Who Do You Call, If Not the Police?

This era, whatever we call it, could usher in massive changes to global society. The death of George Floyd at the hands, make that the knee, of Derek Chauvin sparked outrage that may look to many like an enormously over-sized reaction to a police officer killing a sole Black man while his colleagues stood silently and watched. But the outrage is not just for George Floyd. The outrage is for the hundreds like him who died at the hands of police officers whose sense of power and authority overcame their sense of humanity. The outrage is an explosion of pent-up rage that spews forth from a heretofore moderately contained vessel that has finally ruptured, letting loose the pressure of hundreds of years of building anger.

So, this era could usher in massive changes. I think it already had. Cities are seriously examining de-funding police departments. While I think that is a bad idea, I am open to arguments that might change my mind. I think, rather than disbanding police departments, we should restructure the criminal justice system from top to bottom. That would include changes in laws; decriminalizing behaviors that do no harm to anyone except the perpetrator (and maybe not even the perpetrator). And it would include diverting money from police departments, spreading it judiciously within the communities police departments are meant to serve. So, I see police departments diminishing in size and scope and I see their “policing” duties shrinking along with them. I expect resources will be directed away from punitive enforcement and toward rehabilitation of communities and the people in them. But this may all be a fantasy. We may simply fall back into the same routine we’ve always followed. Because people must change, in their hearts, for real change to occur in society. Unfortunately, I see evidence all around me that minds are closing, shrinking, becoming awash in hatred and fear and indiscriminate loathing.

This will sound a little too much like Hitler’s philosophies, but so be it: the real answer to human suffering and society turmoil and chaos is to remove the ones causing the suffering; all of them. Today, I would identify those people by their affiliation with the Tea Party, white supremacy movements, left-wing anarchists and their brethren, and people who tolerate or are followers of Trump. There may be more. Eliminate them and the problems are no longer insurmountable. I’m not suggesting they be killed; deporting them to an empty planet would work just fine. Once that’s done, problems become issues of ideology that can be argued, debated, and ultimately addressed through compromise. Until compromise is possible, compromise is impossible.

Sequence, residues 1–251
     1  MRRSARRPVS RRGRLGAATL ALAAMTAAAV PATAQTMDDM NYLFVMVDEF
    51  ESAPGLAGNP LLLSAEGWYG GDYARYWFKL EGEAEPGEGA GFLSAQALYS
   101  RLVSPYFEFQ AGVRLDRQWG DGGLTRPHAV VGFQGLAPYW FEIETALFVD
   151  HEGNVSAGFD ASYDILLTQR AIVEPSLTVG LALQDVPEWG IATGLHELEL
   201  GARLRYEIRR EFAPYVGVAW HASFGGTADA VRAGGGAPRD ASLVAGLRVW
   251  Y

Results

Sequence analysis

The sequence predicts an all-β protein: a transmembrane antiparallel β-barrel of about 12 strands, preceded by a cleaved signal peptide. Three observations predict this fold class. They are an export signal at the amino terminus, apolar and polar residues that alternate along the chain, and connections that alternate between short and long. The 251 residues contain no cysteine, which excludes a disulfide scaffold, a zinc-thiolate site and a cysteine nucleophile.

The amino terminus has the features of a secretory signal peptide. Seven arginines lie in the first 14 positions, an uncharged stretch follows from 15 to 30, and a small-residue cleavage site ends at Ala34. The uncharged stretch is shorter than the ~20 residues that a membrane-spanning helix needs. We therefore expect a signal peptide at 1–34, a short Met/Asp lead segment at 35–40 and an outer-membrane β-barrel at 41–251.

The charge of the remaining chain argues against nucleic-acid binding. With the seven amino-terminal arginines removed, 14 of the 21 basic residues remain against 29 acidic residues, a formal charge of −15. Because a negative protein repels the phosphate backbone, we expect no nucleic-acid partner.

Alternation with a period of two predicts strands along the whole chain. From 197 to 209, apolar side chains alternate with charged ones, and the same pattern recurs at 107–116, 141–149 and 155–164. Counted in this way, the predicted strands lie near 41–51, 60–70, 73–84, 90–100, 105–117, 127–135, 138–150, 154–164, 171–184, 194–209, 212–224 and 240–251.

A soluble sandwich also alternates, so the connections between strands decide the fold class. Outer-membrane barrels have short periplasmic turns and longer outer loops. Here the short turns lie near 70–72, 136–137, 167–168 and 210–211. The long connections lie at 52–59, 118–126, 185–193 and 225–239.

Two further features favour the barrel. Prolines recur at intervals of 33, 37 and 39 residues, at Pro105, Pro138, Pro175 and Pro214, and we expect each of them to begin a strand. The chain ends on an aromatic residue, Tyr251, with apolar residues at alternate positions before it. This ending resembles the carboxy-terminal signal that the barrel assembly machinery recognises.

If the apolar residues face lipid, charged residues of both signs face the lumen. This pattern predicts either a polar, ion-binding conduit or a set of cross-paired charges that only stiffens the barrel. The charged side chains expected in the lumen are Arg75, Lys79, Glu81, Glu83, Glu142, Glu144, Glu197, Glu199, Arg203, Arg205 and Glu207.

But back to the call for de-funding police departments. Who do you call for assistance when someone is attempting to break if your house if you have disbanded the police department? Who do you call for help, regardless of the problem, when you’re in trouble in a strange city? You don’t call your friends or neighbors a hundred miles away for immediate rescue. Yet we have given police departments responsibilities for everything from murder investigations to robberies and break-ins to traffic law enforcement to entrapment and enforcement of drug laws. The entire system of criminal justice and public safety should be examined with a clean slate; no pre-conceived ideas (like mine), no unspoken assumptions…no assumptions at all!

Finally, before we do anything, we ought to look very closely at other countries that are far more successful than the U.S.A. in terms of policing, public safety, levels of criminality, etc. and we should determine whether we, the self-proclaimed greatest country in the history of the world, might learn a little from some of the more humble nations.


About John Swinburn

"Love not what you are but what you may become."― Miguel de Cervantes
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4 Responses to Who Do You Call, If Not the Police?

  1. You’re no polyanna, Patty! Thanks for your comment; I appreciate it.

  2. Thanks, Pat. I will listen to the interview shortly; I appreciate your calling it to my attention. Sorry I just now saw your comment; for some reason, I’m not getting notified of comments…and thus far, I’ve been unable to fix it!

  3. Patty Dacus says:

    Love your thoughts on this. I totally agree. I am a polyanna, tho’….so nothing is impossible!! 🙂

  4. Pat Newcomb says:

    In the onslaught of talking heads, experts, folks on the ground, etc etc this Rachel Maddow interview with Professor Philip Attiba Goff of John Jay College on Monday 6/8 comes through like a clarion call. https://on.msnbc.com/2BUe4YJ
    You have touched on many good things here John – the post is worth spreading around. Thanks

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